French finance minister Christine Lagarde suggested the biggest G-20 economies - those representing 5% or more of the group’s output - might face scrutiny. That would likely include the United States, Japan, Germany, China and France.

“It is a matter of credibility for the G-20 that we agree on the indicative guidelines this weekend," said Olli Rehn, the European Union’s economic and monetary affairs commissioner.


Other issues are likely to crowd the G-20 agenda as well. As officials gathered, Greek borrowing costs hit new highs. Investors were spooked as Germany suggested a debt restructuring may be unavoidable.

Athens is struggling to cut spending enough to meet commitments made in return for a 110 billion euro ($160 billion) bailout from the European Union and International Monetary Fund.

Other officials said talk of a possible restructuring was misplaced.

“There is no discussion of debt restructuring as far as Greece is concerned. None whatsoever," Lagarde said.

The G7 countries -- the United States, Britain, Canada, France, Germany, Italy and Japan -- also met behind closed doors Thursday evening to assess the economic damage from Japan’s earthquake and uprisings in the Arab world.

The IMF, which holds its twice-yearly meetings this weekend, warned officials not to grow complacent about the recovery’s prospects simply because the worst of the financial crisis has passed.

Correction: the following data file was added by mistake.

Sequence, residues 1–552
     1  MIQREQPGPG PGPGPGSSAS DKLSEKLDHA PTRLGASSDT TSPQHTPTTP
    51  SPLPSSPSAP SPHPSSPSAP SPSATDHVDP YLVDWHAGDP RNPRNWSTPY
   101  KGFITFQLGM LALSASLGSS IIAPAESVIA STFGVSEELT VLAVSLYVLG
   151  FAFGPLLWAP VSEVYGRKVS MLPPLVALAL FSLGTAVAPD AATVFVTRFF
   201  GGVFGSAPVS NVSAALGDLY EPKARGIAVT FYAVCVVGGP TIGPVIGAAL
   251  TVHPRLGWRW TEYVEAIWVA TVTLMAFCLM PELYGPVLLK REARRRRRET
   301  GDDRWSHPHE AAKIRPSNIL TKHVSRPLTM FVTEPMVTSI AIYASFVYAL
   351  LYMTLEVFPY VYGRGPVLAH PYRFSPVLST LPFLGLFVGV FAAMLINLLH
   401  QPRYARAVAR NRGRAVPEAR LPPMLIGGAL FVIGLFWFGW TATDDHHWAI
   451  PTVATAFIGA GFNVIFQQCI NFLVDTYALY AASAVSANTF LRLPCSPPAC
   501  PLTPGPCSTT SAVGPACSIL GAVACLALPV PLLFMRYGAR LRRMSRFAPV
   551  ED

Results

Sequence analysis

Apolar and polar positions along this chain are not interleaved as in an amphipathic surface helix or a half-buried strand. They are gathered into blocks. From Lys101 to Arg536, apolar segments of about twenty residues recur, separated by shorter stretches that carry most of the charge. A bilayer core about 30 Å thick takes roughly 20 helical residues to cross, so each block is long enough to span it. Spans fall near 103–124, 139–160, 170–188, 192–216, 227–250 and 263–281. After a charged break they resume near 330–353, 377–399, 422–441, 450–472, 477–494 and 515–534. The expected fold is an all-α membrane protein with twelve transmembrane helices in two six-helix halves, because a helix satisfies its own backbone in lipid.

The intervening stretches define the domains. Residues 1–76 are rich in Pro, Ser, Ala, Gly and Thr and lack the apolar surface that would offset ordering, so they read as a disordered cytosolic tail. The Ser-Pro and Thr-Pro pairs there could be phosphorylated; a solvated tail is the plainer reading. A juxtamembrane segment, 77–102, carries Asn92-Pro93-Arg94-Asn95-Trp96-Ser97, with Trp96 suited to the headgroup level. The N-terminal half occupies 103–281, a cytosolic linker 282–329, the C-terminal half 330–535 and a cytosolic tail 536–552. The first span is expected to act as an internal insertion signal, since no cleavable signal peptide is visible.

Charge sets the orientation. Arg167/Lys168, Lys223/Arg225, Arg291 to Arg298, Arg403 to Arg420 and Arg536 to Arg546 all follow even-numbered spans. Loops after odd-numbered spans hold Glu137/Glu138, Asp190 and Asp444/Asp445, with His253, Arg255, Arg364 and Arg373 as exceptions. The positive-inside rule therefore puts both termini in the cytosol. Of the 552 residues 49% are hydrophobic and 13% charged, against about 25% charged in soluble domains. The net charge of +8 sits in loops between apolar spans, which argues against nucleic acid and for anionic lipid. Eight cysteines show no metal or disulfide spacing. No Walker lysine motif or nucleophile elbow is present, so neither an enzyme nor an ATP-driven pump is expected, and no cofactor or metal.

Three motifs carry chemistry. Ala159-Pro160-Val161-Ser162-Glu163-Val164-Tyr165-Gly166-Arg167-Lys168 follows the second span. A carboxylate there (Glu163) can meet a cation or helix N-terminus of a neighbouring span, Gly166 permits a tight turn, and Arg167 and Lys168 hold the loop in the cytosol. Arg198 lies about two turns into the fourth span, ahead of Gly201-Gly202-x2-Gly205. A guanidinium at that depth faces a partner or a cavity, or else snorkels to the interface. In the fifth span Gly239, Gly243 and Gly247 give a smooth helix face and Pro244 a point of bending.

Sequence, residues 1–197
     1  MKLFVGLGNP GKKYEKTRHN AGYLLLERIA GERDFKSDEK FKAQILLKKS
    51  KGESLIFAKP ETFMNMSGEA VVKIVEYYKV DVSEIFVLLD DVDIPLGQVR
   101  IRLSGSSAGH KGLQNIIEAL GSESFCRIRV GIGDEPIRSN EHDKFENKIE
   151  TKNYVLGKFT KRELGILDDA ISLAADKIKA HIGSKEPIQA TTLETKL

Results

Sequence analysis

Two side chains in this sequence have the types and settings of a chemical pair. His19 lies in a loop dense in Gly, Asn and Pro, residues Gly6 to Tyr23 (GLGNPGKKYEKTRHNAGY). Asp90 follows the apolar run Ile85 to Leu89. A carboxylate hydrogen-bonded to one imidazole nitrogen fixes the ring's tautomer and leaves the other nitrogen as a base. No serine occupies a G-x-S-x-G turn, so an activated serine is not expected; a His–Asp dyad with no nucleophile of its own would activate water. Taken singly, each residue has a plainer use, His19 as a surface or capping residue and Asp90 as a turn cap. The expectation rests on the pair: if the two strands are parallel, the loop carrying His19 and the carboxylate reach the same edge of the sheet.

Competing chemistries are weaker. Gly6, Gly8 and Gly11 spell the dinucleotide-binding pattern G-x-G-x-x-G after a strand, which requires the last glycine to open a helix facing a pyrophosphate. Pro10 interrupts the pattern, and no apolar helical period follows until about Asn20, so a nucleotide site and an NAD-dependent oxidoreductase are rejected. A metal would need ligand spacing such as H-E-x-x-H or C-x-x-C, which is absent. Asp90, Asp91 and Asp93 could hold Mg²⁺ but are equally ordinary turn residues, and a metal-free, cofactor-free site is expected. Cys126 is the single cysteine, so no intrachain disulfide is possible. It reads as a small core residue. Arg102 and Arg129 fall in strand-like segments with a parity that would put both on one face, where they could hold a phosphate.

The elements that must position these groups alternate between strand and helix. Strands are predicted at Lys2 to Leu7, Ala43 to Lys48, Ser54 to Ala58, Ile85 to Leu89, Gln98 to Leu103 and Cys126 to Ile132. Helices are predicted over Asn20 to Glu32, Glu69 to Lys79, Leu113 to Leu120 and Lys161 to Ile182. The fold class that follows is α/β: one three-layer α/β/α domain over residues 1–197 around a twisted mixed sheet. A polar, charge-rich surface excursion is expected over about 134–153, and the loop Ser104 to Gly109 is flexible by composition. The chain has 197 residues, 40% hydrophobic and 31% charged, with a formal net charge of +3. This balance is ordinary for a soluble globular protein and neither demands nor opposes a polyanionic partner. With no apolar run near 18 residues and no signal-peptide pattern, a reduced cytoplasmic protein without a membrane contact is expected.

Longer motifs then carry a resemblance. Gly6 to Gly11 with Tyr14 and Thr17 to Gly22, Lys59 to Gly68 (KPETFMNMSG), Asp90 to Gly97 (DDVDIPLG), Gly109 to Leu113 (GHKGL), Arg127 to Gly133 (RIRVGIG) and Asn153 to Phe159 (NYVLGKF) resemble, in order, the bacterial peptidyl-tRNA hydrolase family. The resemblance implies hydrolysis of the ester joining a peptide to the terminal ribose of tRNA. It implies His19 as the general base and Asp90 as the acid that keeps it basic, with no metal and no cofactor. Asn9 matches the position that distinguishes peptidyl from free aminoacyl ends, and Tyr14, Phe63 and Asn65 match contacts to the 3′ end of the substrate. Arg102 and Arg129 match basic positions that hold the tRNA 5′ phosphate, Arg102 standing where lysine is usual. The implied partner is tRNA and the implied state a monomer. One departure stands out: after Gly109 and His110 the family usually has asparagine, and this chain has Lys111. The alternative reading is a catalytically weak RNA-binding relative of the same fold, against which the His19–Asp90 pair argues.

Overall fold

“The apex of the crisis is behind us, but it would be part of the complacency I am trying to avoid to believe we are in a post-crisis era," IMF chief Dominique Strauss-Kahn said.


China has expressed suspicion that the effort on imbalances may be aimed at pressuring it to bring down its hefty trade surpluses.

China’s foreign exchange reserves -- a stockpile that reflects Beijing’s exporting prowess -- soared to a record of more than $3 trillion by the end of March, a sum certain to raise eyebrows in Washington.

But Chinese President Hu Jintao, who spoke in China as meetings in Washington wound up Thursday night, said his country’s growth was still unbalanced and pledged to boost the role of consumption in the economy.

China has so far resisted Western efforts to get it to let the yuan rise more quickly, though rising price pressures at home may encourage it to embrace more flexibility.

The People’s Bank of China on Thursday set the yuan’s mid-point against the dollar at its highest level since it was last revalued in 2005. The currency is up more than 4 percent against the dollar since mid-2010.

Lagarde also said officials hoped for progress toward reforming the world monetary system, a top priority for France, which chairs the G-20 this year.

The G-20 has been working on a plan to include the Chinese yuan in the basket of currencies that makes up the IMF Special Drawing Right, a unit of account between IMF member nations.

Progress, however, has been slow, in part because of China’s policy of keeping the yuan on a tight leash. SDR currencies are supposed to be “freely usable."

“So, we are ... not yet there, but there is a willingness on all sides and an open-mindedness," Germany’s deputy finance minister, Joerg Asmussen, told Reuters.